Creek Councilwoman Announces Bid For 2019 Mayoral Race
~ by Trevor Phipps ~
Even though the deadline is months away, the 2019 election season has gotten off to an early start in the Cripple Creek/Victor district.
Recently, Cripple Creek council member Meghan Rozell, who also is a former city employee, announced her plans to run for the town’s mayoral position. This is expected to become one of the most contested elected seats in the CC/V district. The current mayor, Bruce Brown, can’t run again due to term limits, creating a spree of possibilities for the town’s head elected spot.
Rozell made the announcement on her Facebook page, a post that has commanded much attention.
The next election, slated for November 2019, will give city residents a chance to choose a new mayor and two city council seats. Cripple Creek, like other local municipalities, holds an election every two years. In 2017, Meghan Rozell and Melissa Trenary were elected to seats on the council.
In 2019, the seats held by Tom Litherland and Chris Hazlett will be up for grabs as well as Brown’s mayoral position. By the time of the election, Hazlett and Brown will have both served in their position as long as they can and can’t run for the same seats due to term limits. Litherland could run again in 2019 as an incumbent. To date, he has not announced his re-election plans, but has plenty of time to make a formal decision.
Much speculation abounds regarding the political cards for Cripple Creek, a familiar topic of conversation at local gathering places.
Although he can’t seek his council position again, Hazlett could make a run for mayor, along with Litherland, a previous mayor, or council member Melissa Trenary.
In replying to an inquiry from TMJ News, Trenary has said that she is not interested in jumping into the race for mayor next year. “At this time, I have no plans to run for mayor,” Trenary said. “I want to finish out my four year term as a city council member and then go from there.”
Rozell is the first person to publicly announce her bid for mayor, via her social media page. It is still too early, though, to file official paper work and to submit a petition. But in an interview with TMJ last week, she stated said wanted to seek the mayor’s position, since she was elected to her city council position in 2017. She knew it would become available in 2019.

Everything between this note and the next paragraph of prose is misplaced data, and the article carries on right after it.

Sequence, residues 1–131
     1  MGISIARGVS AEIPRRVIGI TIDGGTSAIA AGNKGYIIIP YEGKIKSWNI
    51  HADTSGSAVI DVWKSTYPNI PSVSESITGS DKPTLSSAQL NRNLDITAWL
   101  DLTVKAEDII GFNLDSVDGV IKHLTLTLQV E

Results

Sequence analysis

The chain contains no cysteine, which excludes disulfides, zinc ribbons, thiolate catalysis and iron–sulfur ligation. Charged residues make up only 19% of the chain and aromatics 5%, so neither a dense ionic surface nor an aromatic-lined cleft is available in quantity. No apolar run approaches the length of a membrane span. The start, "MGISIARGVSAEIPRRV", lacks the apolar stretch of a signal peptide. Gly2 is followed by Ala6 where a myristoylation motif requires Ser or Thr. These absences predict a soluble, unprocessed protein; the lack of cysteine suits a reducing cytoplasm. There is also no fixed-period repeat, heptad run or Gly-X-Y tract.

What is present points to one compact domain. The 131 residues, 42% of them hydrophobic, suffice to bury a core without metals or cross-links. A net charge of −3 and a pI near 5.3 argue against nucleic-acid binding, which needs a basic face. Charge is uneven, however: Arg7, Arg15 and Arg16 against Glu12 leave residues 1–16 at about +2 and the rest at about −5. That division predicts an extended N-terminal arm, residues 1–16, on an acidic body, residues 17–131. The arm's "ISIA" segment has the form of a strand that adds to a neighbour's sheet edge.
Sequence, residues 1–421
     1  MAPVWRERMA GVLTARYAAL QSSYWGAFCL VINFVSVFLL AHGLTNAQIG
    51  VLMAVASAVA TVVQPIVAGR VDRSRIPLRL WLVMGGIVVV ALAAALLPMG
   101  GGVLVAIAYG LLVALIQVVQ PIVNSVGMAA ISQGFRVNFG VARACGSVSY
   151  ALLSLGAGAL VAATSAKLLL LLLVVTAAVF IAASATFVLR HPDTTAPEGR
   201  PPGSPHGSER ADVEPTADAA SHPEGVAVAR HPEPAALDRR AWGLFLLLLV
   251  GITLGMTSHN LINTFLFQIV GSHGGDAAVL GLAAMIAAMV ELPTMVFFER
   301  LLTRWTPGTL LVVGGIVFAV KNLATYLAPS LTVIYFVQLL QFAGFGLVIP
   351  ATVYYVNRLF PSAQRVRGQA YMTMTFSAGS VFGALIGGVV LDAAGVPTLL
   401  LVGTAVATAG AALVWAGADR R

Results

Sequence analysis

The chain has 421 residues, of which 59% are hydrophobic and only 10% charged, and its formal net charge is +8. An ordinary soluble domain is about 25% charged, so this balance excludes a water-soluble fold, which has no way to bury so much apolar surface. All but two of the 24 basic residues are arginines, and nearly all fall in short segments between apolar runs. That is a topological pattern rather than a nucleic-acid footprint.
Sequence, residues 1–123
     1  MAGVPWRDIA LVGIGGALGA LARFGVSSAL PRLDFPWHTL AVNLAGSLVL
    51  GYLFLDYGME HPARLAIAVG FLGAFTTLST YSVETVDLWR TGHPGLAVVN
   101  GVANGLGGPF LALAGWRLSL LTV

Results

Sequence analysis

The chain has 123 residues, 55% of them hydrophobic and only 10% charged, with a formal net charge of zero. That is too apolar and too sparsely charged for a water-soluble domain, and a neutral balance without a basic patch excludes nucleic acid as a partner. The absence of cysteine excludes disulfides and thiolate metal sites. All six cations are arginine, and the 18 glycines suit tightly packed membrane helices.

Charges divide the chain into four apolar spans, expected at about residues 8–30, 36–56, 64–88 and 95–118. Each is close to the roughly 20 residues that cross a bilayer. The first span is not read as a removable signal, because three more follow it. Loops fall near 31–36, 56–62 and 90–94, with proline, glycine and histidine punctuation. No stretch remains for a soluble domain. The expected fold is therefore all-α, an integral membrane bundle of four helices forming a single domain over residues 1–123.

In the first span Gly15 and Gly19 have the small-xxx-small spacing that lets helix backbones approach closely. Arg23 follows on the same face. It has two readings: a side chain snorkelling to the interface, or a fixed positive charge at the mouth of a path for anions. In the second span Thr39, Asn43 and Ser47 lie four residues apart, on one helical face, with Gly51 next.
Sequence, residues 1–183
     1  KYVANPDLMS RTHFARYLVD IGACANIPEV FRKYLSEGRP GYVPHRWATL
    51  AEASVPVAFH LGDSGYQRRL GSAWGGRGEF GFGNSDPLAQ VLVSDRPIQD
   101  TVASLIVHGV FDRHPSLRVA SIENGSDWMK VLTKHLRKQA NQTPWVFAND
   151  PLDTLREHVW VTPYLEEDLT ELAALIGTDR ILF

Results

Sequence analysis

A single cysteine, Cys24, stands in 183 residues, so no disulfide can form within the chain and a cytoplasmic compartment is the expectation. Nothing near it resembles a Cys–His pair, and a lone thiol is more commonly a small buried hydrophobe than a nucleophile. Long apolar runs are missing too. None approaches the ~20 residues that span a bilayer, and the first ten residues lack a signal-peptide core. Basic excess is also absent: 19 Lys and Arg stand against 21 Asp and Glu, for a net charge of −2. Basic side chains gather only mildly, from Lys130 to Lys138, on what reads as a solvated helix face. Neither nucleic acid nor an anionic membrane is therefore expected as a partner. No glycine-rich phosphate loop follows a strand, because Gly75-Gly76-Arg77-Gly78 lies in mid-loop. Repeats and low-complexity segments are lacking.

Rozell said that she wants to pursue the city’s head seat for a variety of reasons. “Predominately, we are at a very interesting point in time,” Rozell said. “As a city there are a lot of things that we don’t know about, such as the direction of gaming. We could have a huge economic boom on the horizon with the casinos expanding. We also could see sports betting go across the state and have to diversify our economy. I think a big deal right now is that instead of reactive leadership, I think we are in a point of time where we need proactive leadership and governing.”
“I am very passionate about our community,” Rozell added. “We have incredible potential and it’s time to explore more of that.”
The council member knows that it is still early to be calling the shots next November, and that most likely she will face competition in the 2019 election in her bid for mayor. As for the two council positions that will be up for grabs, Rozell said that she has heard some interest from individuals in town wishing to compete for those spots
If history repeats itself, Cripple Creek should have a number of candidates.
However, Rozell is currently the only Cripple Creek citizen to come forward to announce plans to pursue a campaign for local political office in 2019. But the official paper work doesn’t have to be completed until August 2019.
The Creek mayor’s spot could be a hot race, since this is the first time in 10 years or so, the city will have a new head leader. Brown, who first served as a council member, was appointed as mayor, following the resignation of then mayor Dan Baader. He then was elected twice as mayor, only facing opposition in one of the races.